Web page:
Lowcountry restaurants bring some restrictions back as the Covid-19 daily numbers are surging in South Carolina

It was not that long ago when Lowcountry restaurants started operating at full service, but the recent surge in numbers forced them to bring some of the Covid-19 restrictions back in force.

Many restaurants around the country already implemented their well-known precaution measures depending on the are where they operate and what is the Covid-19 situation there.

The latest Lowcountry restaurant to join the list with restrictions is Nico Oysters + Seafood in Mount Pleasant. As many other restaurants, Nico Oysters + Seafood had pretty tough year and was only able to serve take-away customers for the first two months in the pandemic followed by opening their patio to serve clients.

The restaurant started opening their indoor area with safety distance between tables and customers until the fully reopened and started full operations. And just when everyone thought the situation is going to be better, the Covid-19 cases started surging again.

The owner, Nico Romo, said they are starting to implement some of the well-known Covid-19 safety measures in order to prevent the staff and the clients to avoid possible closure in a situation with high daily numbers and workers shortage.

“I was hoping like everybody else in the world right now that COVID would be way behind us, but it’s not. It’s still here,” Romo said. ” We brought back our plastic menu that we could easily sanitize, and we just put everything back on. We have asked our staff to wear masks again and we are separating bar seating for social distance.”

The vaccines efficacy drops when it comes to the Delta variant, but the owner doesn’t want to risk anything despite the fact that most of his employees are fully vaccinated.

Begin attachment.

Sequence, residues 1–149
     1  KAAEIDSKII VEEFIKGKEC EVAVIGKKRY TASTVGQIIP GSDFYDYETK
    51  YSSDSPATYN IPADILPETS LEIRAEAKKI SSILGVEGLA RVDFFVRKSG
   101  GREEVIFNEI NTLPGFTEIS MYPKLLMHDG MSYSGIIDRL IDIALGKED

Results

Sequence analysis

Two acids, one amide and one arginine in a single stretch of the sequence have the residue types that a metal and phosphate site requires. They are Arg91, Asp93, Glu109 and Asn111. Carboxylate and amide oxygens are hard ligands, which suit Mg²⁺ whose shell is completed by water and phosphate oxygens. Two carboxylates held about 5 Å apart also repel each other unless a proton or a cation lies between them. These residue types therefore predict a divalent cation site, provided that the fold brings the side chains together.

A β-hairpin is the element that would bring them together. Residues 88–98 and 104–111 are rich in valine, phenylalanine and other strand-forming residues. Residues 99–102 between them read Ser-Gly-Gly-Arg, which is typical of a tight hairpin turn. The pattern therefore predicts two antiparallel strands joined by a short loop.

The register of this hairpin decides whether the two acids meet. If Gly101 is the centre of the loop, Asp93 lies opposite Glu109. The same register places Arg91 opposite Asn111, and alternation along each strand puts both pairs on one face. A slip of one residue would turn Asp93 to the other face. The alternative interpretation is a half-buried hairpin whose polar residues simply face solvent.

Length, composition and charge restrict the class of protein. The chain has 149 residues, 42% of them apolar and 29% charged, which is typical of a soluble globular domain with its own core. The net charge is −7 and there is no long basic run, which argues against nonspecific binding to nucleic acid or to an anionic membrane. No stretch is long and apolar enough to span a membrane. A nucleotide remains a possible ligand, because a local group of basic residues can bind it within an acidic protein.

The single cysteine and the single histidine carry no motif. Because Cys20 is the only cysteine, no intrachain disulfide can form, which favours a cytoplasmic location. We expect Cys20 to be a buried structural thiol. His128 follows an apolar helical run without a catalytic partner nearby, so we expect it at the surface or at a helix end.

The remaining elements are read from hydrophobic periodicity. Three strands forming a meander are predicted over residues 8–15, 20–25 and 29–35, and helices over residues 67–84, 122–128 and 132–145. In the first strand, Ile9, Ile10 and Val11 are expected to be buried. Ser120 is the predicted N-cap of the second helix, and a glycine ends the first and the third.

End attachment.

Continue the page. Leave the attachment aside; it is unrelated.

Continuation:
Their latest decision was supported by most of their regular clients. However, there were some that didn’t like the measures and posted negative reviews on social media, he says.

According to Nico, among the new policies is mandatory face masks for employees. He added that he wants to brings the best possible and safe experience for everyone involved in the restaurant saying the guests are not required to wear masks.

“The virus is going to run its course no matter what we do, but slowing down and trying to do everything we can to protect each other is what we think is the best route, and that’s what we’re going to continue to do,” Romo said.

As of now, there are no specific measures in general for the restaurants in the area. Every restaurant should decide for themselves if they are about to implement any precaution measures and decide what’s best for them.

“You have the ‘We don’t want to wear a masks side and we have to we need to wear masks’ side. Ultimately in our stores we’re going to continue following what we’re mandated to do‚ but we’re also going to continue pursue not wearing masks and everyone getting healthy again,” Jeff Diehl with the Charleston Hospitality Group said.

Alex Tuhell

Co-founder and publisher

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